Issaquah Mom creates fix for messy foods — Little Eaters
October 8, 2013
By Christina Corrales-Toy
There is currently an epidemic of squeezable foods for kids. Just ask Issaquah mom Katrina Faber, whose car, clothes and furniture have the stains to prove it.
At one point, the single mom was simultaneously responsible for the care of five children younger than 5, after moving to Issaquah a year ago and taking a job as a nanny.
In an effort to balance the needs of the kids, two of which were her own, Faber often took the children to parks and playgrounds, but come feeding time, things were never easy.
“When you’re out traveling and kids need a snack, I had two infants, I couldn’t sit and spoon feed them while making sure that the 2-year-old wasn’t getting lost,” she said.
The solution was squeezable baby food pouches, so the infants could eat, while Faber managed the others. It wasn’t much of an answer, though, when she noticed that most of the food ended up on the child, rather than in his or her mouth.
That’s why Faber decided to find her own fix to a sticky situation with the creation of Little Eaters — On the Go Feeders. The squeeze-proof bottles include vacuum technology to push the food to the surface as the infants eat.
The food is held in biodegradable liners within the bottle, allowing for a free-flow design, which eliminates choking hazards and eradicates the squeeze-induced messes.
“There’s got to be a way to let them hold it and eat and not make a mess, and I tried to find something and I couldn’t find anything, so I made something,” she said.
It hasn’t been easy for Faber, who moved to Talus about a year ago, where she and her two daughters, Scarlett and Evelyn live in income-based housing.
“As you can imagine, as a single mom and my income is only so high, I really felt like, there are people in my financial state that have good ideas,” she said. “There’s no reason why I can’t make this work.”
Fueled by a determination to make a better life for herself and her daughters, Faber explored every avenue to make Little Eaters a reality, leaving no stone unturned. She spent sleepless nights crafting a work plan and searching for available business resources.
She reached out to the University of Washington, where she found a team of engineering students looking to beef up their portfolios to help her with the product’s design.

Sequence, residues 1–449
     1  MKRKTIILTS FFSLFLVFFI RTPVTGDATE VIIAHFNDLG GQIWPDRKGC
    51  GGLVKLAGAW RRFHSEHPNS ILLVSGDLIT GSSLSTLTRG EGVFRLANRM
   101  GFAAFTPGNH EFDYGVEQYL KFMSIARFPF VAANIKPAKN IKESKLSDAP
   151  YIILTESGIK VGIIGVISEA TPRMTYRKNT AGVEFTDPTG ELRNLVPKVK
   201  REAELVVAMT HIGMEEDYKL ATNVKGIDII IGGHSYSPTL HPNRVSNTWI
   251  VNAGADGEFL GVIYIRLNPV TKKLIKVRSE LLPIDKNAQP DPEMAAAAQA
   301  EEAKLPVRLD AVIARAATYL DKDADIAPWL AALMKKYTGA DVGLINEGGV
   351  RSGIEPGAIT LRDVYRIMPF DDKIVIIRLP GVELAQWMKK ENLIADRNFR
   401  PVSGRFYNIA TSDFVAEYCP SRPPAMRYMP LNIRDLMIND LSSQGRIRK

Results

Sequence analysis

The school’s Entrepreneurial Law Clinic, which gives low-income individuals and businesses legal assistance, helped Faber understand the patents, trademarks and legalese that comes with starting a business.
Faber attended an investment forum Sept. 18, where she made valuable connections that should help her as she continues to market her product.
She was recently accepted into the Washington Community Alliance for Self-Help, which provides hands-on education, in-depth support and access to capital needed to launch and grow successful small enterprises for low-income entrepreneurs.
“My mental state is that I can sacrifice a few hours of sleep because we’re going to change our path and where we are,” Faber said. “You either let your situations define you or you decide where you’re going.”
Faber’s youngest daughter uses the product daily, and it has certainly made life easier for the busy mom. There’s no reason why it can’t help others, too, Faber said.
“There are soccer games to go to or there’s a doctor’s appointment. Real life happens,” she said. “So, this bottle is the perfect solution for that because then you’re not trying to spoon feed them.”
The next step for Little Eaters – On the Go Feeders is a Kickstarter campaign to help get the company off the ground, Faber said. She hopes to raise $48,000 that will cover the product’s manufacturing.
Little Eaters has become a full-time commitment, though Faber works nights and weekends at the Sahalee Country Club to support her daughters.
“It’s working toward a freedom and a dream to not live in income-based housing and not live within restrictions, and buy clothes new instead of at Goodwill,” Faber said. “There’s a lot of drive to be normal and be able to give back to the community, instead of take from the community.”
Faber’s conclusion may have a fairy-tale ending, she said, since very recently, she has received extensive support from her daughters’ father Jason. He watches the girls, while she attends business classes and investment events.
The reconciliation has been quite a boost, Faber said.
“I’m going to get there. It’s going to get there,” Faber said of Little Eaters’ success. “I would hope that it would be sooner than later, but it’ll get there.”
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